This formula is based on the principle that bulk permittivity is a function of density. We may see why this is by running a “thought experiment” in which a sample of gas becomes denser. As gas density increases, more gas molecules will become packed into the same volume of space. If each gas molecule’s permittivity is greater than the permittivity of empty space, then having more of those gas molecules present will mean the permittivity of that volume increases. Greater permittivity, of course, decreases the velocity of light through the gas, and thereby affects the calibration of the radar instrument.

Relating this concept to pressure and temperature variations in the gas, we can see that the permittivity of a gas increases with increasing pressure (by increasing gas density), and decreases with increasing temperature (by decreasing gas density). This means the speed of light through a gas decreases with increasing pressure, and increases with increasing temperature. For radar level instruments operating in gas environments subject to significant pressure and temperature (i.e. density) variations, the consequent variations in the speed of light through that gas will compromise the instrument’s accuracy.

With ultrasonic level instruments, the necessary condition for an echo to occur is that the sound wave encounters a sudden change in material density. With radar level instruments, the necessary condition for wave reflection is a sudden change in dielectric permittivity (∈). When an electromagnetic wave encounters a sudden change in dielectric permittivity, some of that wave’s energy will be reflected in the form of another wave traveling the opposite direction, while the balance of the wave’s energy continues forward to propagate into the new material. The strength of the reflected signal depends on how greatly the two materials’ permittivities differ:

Radar transceiver

This same principle explains reflected signals in copper transmission lines as well. Any discontinuities (sudden changes in characteristic impedance) along the length of a transmission line will reflect a portion of the electrical signal’s power back to the source. In a transmission line, continuities may be formed by pinches, breaks, or short-circuits. In a radar level measurement system, any sudden change in electrical permittivity is a discontinuity that reflects some of the incident wave energy back to the source. Thus, radar level instruments function best when there is a large difference in permittivity between the two substances at the interface. As shown in the previous illustration, air and water meet this criterion, having an 80:1 permittivity ratio.

The ratio of reflected power to incident (transmitted) power at any interface of materials is called the power reflection factor (R). This may be expressed as a unitless ratio, or more often as a decibel figure. The relationship between dielectric permittivity and reflection factor is as follows:

relationship between dielectric permittivity and reflection factor

Where,

R = Power reflection factor at interface, as a unitless ratio
∈r1 = Relative permittivity (dielectric constant) of the first medium,
∈r2 = Relative permittivity (dielectric constant) of the second medium

The fraction of incident power transmitted through the interface (Pforward/Pincident ) is, of course, the mathematical complement of the power reflection factor: 1 − R.

For situations where the first medium is air or some other low-permittivity gas, the formula simplifies to the following form (with ∈r being the relative permittivity of the reflecting substance):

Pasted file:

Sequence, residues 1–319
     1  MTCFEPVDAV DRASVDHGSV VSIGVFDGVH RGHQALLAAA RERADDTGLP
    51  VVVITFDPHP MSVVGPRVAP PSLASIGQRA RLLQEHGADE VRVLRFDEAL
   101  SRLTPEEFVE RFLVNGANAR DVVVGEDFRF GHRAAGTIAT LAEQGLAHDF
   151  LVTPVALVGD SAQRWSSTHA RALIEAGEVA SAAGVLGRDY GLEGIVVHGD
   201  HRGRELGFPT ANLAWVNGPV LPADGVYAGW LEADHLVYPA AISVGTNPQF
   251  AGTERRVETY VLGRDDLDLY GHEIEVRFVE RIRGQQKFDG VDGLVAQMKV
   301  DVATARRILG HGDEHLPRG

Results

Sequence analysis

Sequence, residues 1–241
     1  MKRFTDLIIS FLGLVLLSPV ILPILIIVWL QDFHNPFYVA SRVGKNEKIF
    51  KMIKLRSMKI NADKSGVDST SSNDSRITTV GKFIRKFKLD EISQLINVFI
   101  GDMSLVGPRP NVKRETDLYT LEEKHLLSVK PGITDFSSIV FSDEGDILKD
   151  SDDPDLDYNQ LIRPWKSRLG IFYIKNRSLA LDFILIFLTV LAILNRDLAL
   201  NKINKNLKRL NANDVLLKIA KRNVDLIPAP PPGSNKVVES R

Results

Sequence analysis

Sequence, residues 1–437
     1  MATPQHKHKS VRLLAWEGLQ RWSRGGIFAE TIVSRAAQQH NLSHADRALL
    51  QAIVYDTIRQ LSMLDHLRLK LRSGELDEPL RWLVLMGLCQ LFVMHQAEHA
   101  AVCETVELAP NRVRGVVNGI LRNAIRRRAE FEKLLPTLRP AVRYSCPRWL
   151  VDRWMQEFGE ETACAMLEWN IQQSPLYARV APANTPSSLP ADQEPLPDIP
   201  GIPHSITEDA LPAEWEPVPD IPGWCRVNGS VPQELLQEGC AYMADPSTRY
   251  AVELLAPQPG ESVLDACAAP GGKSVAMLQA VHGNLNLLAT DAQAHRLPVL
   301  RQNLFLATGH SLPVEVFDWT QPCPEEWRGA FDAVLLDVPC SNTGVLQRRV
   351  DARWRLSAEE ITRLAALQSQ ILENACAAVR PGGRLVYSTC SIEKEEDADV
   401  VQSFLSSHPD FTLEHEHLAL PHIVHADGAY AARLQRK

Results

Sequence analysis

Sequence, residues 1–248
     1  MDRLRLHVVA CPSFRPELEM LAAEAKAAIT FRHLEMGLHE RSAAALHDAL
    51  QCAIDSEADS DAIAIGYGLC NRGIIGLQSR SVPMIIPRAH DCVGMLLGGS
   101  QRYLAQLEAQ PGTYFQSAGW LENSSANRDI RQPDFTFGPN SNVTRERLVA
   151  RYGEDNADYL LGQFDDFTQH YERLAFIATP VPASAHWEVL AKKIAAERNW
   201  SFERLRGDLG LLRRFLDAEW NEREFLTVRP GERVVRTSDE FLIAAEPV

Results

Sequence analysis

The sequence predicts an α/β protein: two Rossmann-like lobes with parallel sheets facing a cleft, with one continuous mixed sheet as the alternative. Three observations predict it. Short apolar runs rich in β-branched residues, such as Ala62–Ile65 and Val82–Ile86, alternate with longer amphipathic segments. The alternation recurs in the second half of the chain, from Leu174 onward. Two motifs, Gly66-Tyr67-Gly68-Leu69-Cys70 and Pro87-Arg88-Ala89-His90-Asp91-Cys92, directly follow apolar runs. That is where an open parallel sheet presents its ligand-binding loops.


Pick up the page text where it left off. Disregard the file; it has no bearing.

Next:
relative permittivity

In the previous illustration, the two media were air (∈r ≈ 1) and water (∈r ≈ 80) – a nearly ideal scenario for strong signal reflection. Given these relative permittivity values, the power reflection factor has a value of 0.638 (63.8%), or −1.95 dB. This means well over half the incident power reflects off the air/water interface to form a strong echo signal, with the remaining 0.362 (36.2%) of the wave’s power traveling through the air-water interface and propagating into water. If the liquid in question is gasoline rather than water (having a rather low relative permittivity value of approximately 2), the power reflection ratio will only be 0.0294 (2.94%) or −15.3 dB, with the vast majority of the wave’s power successfully penetrating the air-gasoline interface.

The longer version of the power reflection factor formula suggests liquid-liquid interfaces should be detectable using radar, and indeed they are. All that is needed is a sufficiently large difference in permittivity between the two liquids to create a strong enough echo to reliably detect. Liquid-liquid interface level measurement with radar works best when the upper liquid has a substantially lesser permittivity value than the lower liquid. A layer of hydrocarbon oil on top of water (or any aqueous solution such as an acid or a caustic) is a good candidate for guided-wave radar level measurement. An example of a liquid-liquid interface that would be very difficult for a radar instrument to detect is water (∈r ≈ 80) above glycerin (∈r ≈ 42).

If the radar instrument uses a digital network protocol to communicate information with a host system (such as HART or any number of “fieldbus” standards), it may perform as a multi-variable transmitter, transmitting both the interface level measurement and the total liquid level measurement simultaneously. This capability is rather unique to guided-wave radar transmitters, and is very useful in some processes because it eliminates the need for multiple instruments measuring multiple levels.

One reason why a lesser-∈ fluid above a greater-∈ fluid is easier to detect than the inverse is due to the necessity of the signal having to travel through a gas-liquid interface above the liquid-liquid interface. With gases and vapors having such small ǫ values, the signal would have to pass through the gas-liquid interface first in order to reach the liquid-liquid interface. This gas-liquid interface, having the greatest difference in ǫ values of any interface within the vessel, will be most reflective to electromagnetic energy in both directions. Thus, only a small portion of the incident wave will ever reach the liquid-liquid interface, and a similarly small portion of the wave reflected off the liquid-liquid interface (which itself is a fraction of the forward wave power that made it through the gas-liquid interface on its way down) will ever make it through the gas-liquid interface on its way back up to the instrument. The situation is much improved if the ǫ values of the two liquid layers are inverted, as shown in this hypothetical comparison (all calculations assume no power dissipation along the way, only reflection at the interfaces):